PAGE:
a woman sleeping sprawled on a bed

Sleep Like a Baby

It is sometimes said that people who sleep well, sleep like a baby. Honestly – where did that phrase come from?! I asked myself that very question and then I googled it: "define sleep like a baby".

Define "sleep like a baby"

I don’t know about your babies, but mine did not sleep through the night. All things considered, I did in fact have very few problems with sleepless nights. I was very blessed. But even the easiest babies wake up in the night. Hungry. Soiled. In pain. Lonely. And when you’re a new parent you sleep like a baby – infrequently and with many interruptions.

But the phrase does seem to have an origin. Apparently, in 1996 American politician Bob Dole said, “I slept like a baby. I woke up every 3 hours and cried,” after he was defeated in the US presidential campaign.

Restful innocense

I have to confess that while I have never run for a presidential campaign, I have woken after 3 hours and cried. For many years it was with frustration that I only had 3 hours of sleep. When things worsened for me, I would cry with relief after 3 hours of sleep.

There appears to be some agreement on the internet that while babies wake frequently, they are also renowned for peaceful rest. That when they finally sleep, they do so with a restful innocence.

I know as an insomniac that I have frequently woken after scattered sleep and felt completely unrested – regardless of the time spent in bed. But a healthy baby can get a solid 3 hours and feel refreshed enough to entertain exhausted parents for a good solid few hours.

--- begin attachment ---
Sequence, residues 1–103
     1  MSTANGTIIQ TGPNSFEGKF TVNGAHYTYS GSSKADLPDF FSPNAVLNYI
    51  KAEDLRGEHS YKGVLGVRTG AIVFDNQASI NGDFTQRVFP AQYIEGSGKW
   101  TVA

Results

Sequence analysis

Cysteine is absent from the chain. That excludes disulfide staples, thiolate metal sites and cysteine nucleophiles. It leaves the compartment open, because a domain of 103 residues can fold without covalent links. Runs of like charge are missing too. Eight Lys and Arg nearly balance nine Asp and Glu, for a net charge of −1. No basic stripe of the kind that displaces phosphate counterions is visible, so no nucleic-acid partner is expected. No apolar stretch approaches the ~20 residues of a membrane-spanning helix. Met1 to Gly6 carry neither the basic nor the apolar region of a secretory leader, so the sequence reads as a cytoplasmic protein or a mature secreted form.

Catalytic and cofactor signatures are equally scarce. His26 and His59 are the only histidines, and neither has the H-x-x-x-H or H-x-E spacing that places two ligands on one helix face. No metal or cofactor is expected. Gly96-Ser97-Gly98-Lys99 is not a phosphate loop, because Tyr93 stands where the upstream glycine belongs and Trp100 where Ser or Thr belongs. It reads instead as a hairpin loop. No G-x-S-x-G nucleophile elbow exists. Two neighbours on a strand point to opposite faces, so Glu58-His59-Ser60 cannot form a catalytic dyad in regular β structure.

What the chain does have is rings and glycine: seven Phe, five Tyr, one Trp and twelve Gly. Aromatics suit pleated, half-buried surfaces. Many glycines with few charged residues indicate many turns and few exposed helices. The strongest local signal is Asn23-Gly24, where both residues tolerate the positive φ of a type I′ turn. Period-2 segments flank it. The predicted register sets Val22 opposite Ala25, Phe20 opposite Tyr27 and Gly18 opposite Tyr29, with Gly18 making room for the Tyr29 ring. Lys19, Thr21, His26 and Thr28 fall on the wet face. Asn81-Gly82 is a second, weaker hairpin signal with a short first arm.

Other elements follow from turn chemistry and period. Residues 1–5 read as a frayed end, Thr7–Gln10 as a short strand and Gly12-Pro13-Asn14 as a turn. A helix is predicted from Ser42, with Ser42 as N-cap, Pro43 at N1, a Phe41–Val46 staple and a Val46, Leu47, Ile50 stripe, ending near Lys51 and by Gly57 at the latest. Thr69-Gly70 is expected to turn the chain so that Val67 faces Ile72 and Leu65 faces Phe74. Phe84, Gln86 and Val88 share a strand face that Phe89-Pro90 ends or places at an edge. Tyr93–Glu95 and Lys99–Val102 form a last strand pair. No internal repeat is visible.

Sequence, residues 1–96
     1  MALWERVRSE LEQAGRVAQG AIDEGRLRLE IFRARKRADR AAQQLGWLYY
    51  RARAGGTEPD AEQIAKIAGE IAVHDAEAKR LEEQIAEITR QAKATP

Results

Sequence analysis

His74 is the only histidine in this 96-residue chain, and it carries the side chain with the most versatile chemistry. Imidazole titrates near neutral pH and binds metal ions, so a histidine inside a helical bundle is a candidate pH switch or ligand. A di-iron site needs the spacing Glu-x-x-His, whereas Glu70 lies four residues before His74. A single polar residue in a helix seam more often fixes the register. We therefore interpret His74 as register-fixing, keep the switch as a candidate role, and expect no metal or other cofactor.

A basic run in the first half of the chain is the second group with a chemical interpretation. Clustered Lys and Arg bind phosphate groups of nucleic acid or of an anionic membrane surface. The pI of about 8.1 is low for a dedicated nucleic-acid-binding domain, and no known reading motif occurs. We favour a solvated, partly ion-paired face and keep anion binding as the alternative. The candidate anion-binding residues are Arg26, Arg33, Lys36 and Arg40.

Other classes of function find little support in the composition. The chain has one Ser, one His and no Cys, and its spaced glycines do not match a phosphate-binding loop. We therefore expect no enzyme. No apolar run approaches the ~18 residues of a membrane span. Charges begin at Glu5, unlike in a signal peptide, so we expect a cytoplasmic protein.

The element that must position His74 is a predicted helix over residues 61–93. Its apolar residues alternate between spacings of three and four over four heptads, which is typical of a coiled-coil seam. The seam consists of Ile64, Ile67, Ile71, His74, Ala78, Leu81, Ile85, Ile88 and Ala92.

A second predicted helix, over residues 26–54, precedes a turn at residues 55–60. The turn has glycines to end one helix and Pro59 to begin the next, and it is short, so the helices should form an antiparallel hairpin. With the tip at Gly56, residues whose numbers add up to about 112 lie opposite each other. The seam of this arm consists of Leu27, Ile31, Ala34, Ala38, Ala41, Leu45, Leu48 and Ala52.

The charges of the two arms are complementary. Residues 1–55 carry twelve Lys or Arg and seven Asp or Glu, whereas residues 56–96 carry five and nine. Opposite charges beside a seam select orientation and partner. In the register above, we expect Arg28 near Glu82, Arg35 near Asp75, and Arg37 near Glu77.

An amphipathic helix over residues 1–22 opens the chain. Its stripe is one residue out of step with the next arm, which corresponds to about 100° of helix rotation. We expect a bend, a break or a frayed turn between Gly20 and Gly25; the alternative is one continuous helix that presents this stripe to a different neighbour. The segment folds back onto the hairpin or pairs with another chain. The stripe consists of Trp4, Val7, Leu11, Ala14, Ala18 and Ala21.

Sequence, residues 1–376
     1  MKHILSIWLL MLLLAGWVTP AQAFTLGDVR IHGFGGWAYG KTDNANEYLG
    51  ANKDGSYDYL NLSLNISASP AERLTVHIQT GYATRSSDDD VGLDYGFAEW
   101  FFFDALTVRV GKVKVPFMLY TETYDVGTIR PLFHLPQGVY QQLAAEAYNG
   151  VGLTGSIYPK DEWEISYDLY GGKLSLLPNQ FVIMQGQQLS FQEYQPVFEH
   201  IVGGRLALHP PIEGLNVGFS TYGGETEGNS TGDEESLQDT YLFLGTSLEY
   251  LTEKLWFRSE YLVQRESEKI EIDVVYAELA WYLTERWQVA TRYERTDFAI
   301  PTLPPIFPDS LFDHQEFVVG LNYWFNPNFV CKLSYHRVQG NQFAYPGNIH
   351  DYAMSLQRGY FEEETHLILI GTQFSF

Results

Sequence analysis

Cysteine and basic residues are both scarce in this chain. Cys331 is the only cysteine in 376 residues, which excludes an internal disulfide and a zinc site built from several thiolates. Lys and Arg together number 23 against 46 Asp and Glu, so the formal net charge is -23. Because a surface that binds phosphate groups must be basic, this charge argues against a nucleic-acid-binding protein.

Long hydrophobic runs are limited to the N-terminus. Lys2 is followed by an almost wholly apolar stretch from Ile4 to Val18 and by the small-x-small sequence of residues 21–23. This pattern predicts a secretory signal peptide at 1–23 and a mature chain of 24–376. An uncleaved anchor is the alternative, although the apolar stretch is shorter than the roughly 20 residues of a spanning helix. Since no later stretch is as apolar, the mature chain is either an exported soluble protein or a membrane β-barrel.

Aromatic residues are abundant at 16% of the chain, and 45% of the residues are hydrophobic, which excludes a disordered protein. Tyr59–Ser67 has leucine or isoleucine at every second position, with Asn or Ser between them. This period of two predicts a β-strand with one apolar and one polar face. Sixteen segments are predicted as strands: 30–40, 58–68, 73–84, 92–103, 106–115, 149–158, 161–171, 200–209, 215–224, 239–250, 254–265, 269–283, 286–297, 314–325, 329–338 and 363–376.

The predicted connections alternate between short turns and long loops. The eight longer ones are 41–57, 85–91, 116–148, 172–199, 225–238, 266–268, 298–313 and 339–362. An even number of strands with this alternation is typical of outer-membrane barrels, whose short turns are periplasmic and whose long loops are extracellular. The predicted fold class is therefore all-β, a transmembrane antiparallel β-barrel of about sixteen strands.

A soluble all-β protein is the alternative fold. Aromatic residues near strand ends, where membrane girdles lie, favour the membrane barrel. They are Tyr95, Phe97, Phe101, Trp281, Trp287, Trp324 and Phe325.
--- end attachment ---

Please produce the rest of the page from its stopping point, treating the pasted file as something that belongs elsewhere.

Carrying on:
Quality trumps quantity

And what I learn from the analogy is that quality always trumps quantity. Learning to find truly peaceful rest is such a gift – whether that rest lasts 1 hour or 7. I have spent 8 hours in bed only to emerge utterly exhausted. And, I have had 3 solid hours of sleep and felt utterly refreshed.

Mental peace is a beautiful thing to strive for and is rarely found by desperately forcing an exhausted head down onto a favorite pillow. It is a state of mind that can take many years to learn to attain. Cognitive behavioral therapy for insomnia (CBTi) works specifically to retrain the body and mind to learn how to sleep.

Anxiety issues

For me, ongoing issues with anxiety and hyperarousal deeply impacted my ability to sleep. After much angst and many breakdowns, I received treatment – both pharmaceutical and psychological – to address symptoms, and these days I have a much more peaceful relationship with sleep.

Sometimes I get a little sleep. Sometimes I get a lot. But always I am grateful for what I get. For many years, I lay down and instantly tensed up at the thought of the endless hours of wakeful exhaustion that were about to face me.

Finally, I sleep like a baby

Now I lay down and dream – sometimes while I’m awake and sometimes while I’m asleep. I have learned to find peace in my bedroom and finally – after 56 years – I can sleep like a baby. Infrequently, inconsistently, solidly, and peacefully.

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This article represents the opinions, thoughts, and experiences of the author; none of this content has been paid for by any advertiser. The Insomnia.Sleep-Disorders.net team does not recommend or endorse any products or treatments discussed herein. Learn more about how we maintain editorial integrity here.

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